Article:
"Was the Board's interpretation so patently unreasonable that its construction cannot be rationally supported by the relevant legislation and demands intervention by the court upon review?” Accordingly, the decision – that is, the interpretation8 of the legal phrase “other employee” – must be “’more’ than wrong”9 to justify a reviewing court intervening and replacing the interpretation of the decision‐maker. This approach was justified for several reasons. Firstly, the position of this labour board as a “specialised tribunal which administers a comprehensive statute [meant it] has developed [...] accumulated experience in the area”10. Moreover, the existence of a privative clause Michael Taggart “Lord Cooke and the Scope of Review Doctrine in Administrative Law” in Paul Rishworth (ed) The Struggle for Simplicity in the Law: Essays for Lord Cooke of Thorndon, (Butterworths, Wellington, 1997, pp189‐219), p204.
 2 SCR 227 (Hereafter referred to as CUPE).
Taggart, above n4, p206.
CUPE, above n5, p237.
Questions of interpretation, application, and mixed fact and law are addressed later in this Chapter under the heading “Deference to What”. At this stage, however, it is clearer to outline the origins of deference in a purely descriptive, rather than evaluative or selective sense.
The Attorney‐General of Canada v Public Service Alliance of Canada  1 S.C.R 941, p955.
CUPE, above n5, p235‐6.
in the statute provided a “compelling”11 rationale for non‐intervention. Judicial restraint in the form of curial deference followed accordingly in this case.
Therefore, CUPE had created two “threshold” standards: correctness and patent unreasonableness, and was initially regarded as “encapsulating an entire approach to judicial review”12. Stemming initially from the context of labour relations tribunals13 but spreading also to other areas of “inferior” tribunal decision‐making14, courts undertook what they described as a “pragmatic and functional analysis”,15 which included factors such as the wording of the statute, the nature of the problem, and the expertise of the decision‐maker.16 Following this analysis, the decision for the Court was a binary one: simply to defer (patent unreasonableness) or not to defer (correctness).17 The “Spirit” of Deference Following this watermark, however, the “spirit” of CUPE underwent some challenges in interpretation and application. In CAIMAW, Loc. 14 v Pacaar Canada Ltd.,18 Sopinka J for the majority
stated in relation to the “patent unreasonableness” test that:
“When a court says that a decision under review is [...] “patently unreasonable” it is making a statement about the logical relationship between the grounds of the decision and premises thought by the court to be true. Without the reference point of an opinion [...] on the merits, such a relative CUPE, above n5, p235‐6.
Christopher Taylor “Curial Deference and Judicial Review” Advocate’s Quarterly ( Vol 13) pp78‐89, p78.
13 th See, for example, CAIMAW, Loc. 14 v Pacaar Canada Ltd (1989) 62 DLR (4 ) 437.
Such as the Canadian Tribunal established to control and regulate imported goods into that country, as well as many other administrative tribunals. See, for example, National Corn Growers v Canada (Canadian Import th Tribunal) (1990) 74 DLR (4 ) 458.
See, for example, Pushpanathan v Canada (Minister of Citizenship and Immigration),  1 S.C.R 982, p991.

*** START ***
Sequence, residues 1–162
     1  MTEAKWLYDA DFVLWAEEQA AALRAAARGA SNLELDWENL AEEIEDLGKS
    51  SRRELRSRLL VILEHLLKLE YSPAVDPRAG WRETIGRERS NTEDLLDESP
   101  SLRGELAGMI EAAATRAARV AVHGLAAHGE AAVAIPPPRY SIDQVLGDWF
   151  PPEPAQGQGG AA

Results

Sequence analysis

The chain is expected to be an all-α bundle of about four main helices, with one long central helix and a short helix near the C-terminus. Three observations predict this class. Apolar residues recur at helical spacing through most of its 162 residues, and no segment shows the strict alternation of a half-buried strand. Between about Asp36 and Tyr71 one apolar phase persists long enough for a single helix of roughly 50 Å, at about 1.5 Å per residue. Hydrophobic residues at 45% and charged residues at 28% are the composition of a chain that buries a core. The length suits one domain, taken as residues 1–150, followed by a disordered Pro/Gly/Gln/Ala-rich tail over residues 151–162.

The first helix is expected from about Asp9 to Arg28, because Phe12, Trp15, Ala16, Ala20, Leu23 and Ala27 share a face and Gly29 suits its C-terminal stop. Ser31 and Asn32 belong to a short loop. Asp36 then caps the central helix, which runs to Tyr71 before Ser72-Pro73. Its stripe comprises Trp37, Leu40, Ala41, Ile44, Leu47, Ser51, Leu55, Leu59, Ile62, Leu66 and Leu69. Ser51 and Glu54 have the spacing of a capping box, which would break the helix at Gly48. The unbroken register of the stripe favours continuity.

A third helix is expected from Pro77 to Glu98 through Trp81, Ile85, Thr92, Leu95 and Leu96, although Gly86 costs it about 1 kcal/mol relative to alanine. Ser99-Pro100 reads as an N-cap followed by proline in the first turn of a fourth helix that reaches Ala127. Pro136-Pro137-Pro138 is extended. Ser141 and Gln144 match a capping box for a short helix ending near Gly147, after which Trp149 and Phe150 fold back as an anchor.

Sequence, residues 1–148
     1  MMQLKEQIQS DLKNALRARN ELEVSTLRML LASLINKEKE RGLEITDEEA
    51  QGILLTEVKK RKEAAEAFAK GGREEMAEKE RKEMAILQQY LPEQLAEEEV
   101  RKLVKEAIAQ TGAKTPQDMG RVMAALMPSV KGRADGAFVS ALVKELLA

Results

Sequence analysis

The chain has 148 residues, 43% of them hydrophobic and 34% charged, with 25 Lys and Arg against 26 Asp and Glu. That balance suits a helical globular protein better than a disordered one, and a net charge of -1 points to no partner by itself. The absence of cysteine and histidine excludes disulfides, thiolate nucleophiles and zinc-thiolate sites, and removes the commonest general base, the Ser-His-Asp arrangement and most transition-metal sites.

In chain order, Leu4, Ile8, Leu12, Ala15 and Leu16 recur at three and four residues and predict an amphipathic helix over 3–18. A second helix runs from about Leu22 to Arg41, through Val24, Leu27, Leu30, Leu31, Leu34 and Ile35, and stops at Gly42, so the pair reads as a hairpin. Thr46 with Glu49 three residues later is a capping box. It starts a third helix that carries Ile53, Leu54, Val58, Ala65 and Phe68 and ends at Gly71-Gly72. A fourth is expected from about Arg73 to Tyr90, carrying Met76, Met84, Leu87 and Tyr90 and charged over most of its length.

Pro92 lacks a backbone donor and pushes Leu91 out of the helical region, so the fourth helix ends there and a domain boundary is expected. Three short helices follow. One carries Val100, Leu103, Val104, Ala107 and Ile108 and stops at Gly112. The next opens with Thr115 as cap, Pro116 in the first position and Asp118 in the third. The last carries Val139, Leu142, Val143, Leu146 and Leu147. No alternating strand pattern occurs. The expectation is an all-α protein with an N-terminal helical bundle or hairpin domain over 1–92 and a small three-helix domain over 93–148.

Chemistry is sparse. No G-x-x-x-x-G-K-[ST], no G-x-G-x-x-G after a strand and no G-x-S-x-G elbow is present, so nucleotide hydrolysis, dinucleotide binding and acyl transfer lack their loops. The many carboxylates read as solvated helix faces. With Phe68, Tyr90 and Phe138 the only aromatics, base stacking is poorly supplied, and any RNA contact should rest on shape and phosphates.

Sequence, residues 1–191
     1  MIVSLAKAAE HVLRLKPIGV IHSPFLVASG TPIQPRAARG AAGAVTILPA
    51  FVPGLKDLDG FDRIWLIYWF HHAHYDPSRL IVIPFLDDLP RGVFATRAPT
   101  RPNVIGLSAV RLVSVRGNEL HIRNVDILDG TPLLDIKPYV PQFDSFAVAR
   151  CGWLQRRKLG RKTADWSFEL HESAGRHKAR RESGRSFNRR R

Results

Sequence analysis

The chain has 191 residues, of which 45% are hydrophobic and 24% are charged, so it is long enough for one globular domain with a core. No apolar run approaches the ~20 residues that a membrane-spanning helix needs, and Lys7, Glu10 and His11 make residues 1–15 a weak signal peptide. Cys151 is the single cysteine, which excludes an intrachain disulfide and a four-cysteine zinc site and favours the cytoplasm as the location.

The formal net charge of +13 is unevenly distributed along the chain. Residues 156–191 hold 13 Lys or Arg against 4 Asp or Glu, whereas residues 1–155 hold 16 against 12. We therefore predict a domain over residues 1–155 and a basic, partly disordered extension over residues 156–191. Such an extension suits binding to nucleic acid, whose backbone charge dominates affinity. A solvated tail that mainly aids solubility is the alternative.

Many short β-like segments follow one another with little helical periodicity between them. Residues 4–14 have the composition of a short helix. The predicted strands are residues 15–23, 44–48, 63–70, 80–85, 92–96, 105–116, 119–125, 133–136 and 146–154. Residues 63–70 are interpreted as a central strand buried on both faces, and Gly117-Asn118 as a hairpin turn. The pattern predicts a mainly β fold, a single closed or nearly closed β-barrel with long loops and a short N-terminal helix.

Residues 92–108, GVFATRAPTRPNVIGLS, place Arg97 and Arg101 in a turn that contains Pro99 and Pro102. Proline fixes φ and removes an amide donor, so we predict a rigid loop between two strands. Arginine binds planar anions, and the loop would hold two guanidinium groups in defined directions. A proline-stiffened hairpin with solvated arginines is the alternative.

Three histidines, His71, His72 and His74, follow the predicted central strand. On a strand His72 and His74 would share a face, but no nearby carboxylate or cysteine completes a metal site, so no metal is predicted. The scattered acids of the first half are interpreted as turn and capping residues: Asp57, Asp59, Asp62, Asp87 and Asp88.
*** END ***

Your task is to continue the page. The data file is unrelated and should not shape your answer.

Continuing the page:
Lorne Sossin and Colleen M. Food “The Contextual Turn: Iacobucci’s Legacy and the Standard of Review in
Administrative Law”, University of Toronto Law Journal (Special Issue: Education, Administration and Justice:
Essays in Honour of Frank Iacobucci, 2007, Vol 57, pp581‐606), p586.
18 th (1989) 62 D.L.R (4 ) 437.
statement cannot be made [...] in my view, curial deference does not enter into the picture until the court finds itself in disagreement with the tribunal”.
This approach arguably allows a court to establish a set of “of basic principles relevant to the merits of the case”20 before deciding whether to defer. Commentators have pointed out difficulties with this, as it “permits the court to set very narrow bounds as to the range of final conclusions that would be upheld by a court [...] whilst ostensibly advocating curial deference”.21 Moreover, the creation of an “intermediate” standard of reasonableness simpliciter, between patent unreasonableness and correctness, by Iacobucci J in Canada (Director of Investigation and Research) v Southam Inc22 muddied the water further. Gone was the initial CUPE approach of a choice between deference and non‐deference, seemingly replaced by a contextual spectrum that could allow a court to justify any level of intervention. Dissatisfaction with these elements eventually culminated in a
judgment by Lebel J in Toronto (City of) v. CUPE, Local 79.23 Lebel J’s primary concern was:
In attempting to follow the court's distinctions between "patently unreasonable", "reasonable" and "correct", one feels at times as though one is watching a juggler juggle three transparent objects.
Depending on the way the light falls, sometimes one thinks one can see the objects. Other times one cannot and, indeed, wonders whether there are really three distinct objects there at all.” Accordingly, very recently, the Supreme Court in Dunsmuir v New Brunswick25 has moved back towards a binary approach in determining the application of deference. The distinction between “patent unreasonableness” and “reasonableness simpliciter” was abandoned, and the approach returned to a binary decision between “correctness” and “reasonableness”.26 The relationship between patent unreasonableness and reasonableness simpliciter was stated as “unproductive and CAIMAW, Loc. 14 v Pacaar Canada Ltd, above n18, p479.
Taylor, above n12, p81.
 1 S.C.R 748.
 3 S.C.R 77.
Ibid., para , citing Miller v. Newfoundland (Workers’ Compensation Commission) (1997), 154 Nfld. & P.E.I.R. 52 (Nfld. S.C.T.D.), para. 27.
2008 SCC 9.
In doing this, Binnie J at para  recognises this “will shift the courtroom debate from choosing between two standards of reasonableness that each represented a different level of deference to a debate within a single standard of reasonableness to determine the appropriate level of deference”.
distracting”.27 Accordingly, the Court recognised that questions of degrees of deference – that is, how “reasonable” a decision must be depending on factors such as a privative clause or the expertise of the tribunal28 ‐ should become an issue only after the decision of whether to defer or not is made. The approach in Dunsmuir, representing a return to “base” CUPE principles, demands that the first question be a straight “yes/no” one: questions of degree arise only when that first question is answered in the affirmative.